In the 1950s Robert Coles began studying, living among, and, above all, listening to American children. The results of his efforts — revealed in five volumes published between 1967 and 1977 — constitute one of the most searching and vigorous social studies ever undertaken by one person in the United States.
Here, heard often in their own voices, are America’s “children of crisis”: African American children caught in the throes of the South’s racial integration; The children of impoverished migrant workers in Appalachia; Children whose families were transformed by the migration from South to North, from rural to urban communities; Latino, Native American, and Eskimo children in the poorest communities of the American West; The children of America’s wealthiest families confronting the burden of their own privilege.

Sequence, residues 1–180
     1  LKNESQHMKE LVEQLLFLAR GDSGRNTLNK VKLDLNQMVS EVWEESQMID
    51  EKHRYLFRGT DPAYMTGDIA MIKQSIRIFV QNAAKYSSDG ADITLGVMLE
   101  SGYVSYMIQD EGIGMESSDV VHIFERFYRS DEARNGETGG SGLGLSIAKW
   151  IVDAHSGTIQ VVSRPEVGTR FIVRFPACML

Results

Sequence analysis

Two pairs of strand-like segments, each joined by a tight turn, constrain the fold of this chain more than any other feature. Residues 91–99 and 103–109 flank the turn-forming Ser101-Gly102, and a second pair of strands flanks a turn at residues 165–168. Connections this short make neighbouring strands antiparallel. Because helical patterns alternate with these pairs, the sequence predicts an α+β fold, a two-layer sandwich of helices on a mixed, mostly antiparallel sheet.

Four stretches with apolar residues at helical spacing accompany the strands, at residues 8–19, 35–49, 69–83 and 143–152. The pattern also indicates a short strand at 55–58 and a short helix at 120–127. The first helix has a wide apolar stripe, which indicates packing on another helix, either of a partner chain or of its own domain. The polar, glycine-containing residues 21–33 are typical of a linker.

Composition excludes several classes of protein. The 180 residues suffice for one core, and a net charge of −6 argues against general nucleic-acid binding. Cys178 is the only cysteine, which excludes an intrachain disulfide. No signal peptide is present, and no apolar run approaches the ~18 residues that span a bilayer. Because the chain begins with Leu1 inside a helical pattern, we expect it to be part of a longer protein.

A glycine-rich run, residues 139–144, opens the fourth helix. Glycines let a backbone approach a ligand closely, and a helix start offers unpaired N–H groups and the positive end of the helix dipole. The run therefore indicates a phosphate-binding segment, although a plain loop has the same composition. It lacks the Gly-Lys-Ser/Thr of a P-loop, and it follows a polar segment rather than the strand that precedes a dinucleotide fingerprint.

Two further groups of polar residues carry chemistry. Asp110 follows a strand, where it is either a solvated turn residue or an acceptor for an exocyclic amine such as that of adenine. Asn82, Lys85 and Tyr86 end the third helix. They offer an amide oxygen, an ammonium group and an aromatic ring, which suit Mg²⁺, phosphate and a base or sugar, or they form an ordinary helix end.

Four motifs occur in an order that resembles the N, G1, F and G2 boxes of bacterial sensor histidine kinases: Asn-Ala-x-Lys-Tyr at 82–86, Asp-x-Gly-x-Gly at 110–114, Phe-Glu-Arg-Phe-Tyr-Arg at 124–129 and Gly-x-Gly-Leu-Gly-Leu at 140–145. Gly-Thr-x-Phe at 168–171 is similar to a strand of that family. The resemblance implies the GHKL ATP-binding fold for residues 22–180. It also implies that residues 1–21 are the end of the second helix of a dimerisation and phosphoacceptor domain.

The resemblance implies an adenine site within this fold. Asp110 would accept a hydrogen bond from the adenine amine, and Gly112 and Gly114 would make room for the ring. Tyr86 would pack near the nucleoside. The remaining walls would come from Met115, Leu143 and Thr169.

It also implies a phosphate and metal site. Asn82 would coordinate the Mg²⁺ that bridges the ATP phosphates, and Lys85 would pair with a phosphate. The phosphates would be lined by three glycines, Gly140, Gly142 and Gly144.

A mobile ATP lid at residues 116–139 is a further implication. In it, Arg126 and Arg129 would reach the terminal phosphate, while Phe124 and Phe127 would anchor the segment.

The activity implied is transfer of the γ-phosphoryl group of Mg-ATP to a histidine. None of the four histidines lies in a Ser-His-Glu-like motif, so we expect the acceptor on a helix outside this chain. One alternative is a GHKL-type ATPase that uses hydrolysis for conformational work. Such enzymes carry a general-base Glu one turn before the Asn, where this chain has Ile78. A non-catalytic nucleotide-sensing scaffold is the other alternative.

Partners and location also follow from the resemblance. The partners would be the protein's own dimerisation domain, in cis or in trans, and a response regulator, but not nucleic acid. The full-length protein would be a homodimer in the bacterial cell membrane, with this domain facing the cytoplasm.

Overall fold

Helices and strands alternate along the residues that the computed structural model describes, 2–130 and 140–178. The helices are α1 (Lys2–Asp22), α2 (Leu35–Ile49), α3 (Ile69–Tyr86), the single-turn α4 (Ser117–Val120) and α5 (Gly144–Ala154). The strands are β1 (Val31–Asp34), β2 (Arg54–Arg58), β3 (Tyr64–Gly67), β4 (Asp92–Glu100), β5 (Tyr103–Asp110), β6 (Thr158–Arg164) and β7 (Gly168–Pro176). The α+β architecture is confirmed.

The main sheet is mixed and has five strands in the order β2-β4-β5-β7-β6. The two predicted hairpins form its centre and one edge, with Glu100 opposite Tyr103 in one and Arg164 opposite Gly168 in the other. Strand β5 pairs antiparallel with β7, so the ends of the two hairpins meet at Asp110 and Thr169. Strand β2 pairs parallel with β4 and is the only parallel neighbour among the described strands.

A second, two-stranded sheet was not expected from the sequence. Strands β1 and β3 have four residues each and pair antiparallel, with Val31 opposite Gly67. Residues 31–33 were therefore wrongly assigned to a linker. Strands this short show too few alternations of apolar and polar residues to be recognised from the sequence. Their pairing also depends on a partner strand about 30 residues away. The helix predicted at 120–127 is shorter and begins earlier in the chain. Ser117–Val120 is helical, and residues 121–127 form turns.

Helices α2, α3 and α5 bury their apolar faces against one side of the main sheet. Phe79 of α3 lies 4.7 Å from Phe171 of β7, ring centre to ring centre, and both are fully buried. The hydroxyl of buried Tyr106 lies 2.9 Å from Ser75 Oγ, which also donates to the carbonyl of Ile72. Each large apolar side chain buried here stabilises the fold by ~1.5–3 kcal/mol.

This volume restores to print a masterwork of psychological and sociological inquiry — a book that, in its focus on how children learn and develop in the face of rapid change and social upheaval, speaks directly and pointedly to our own times.
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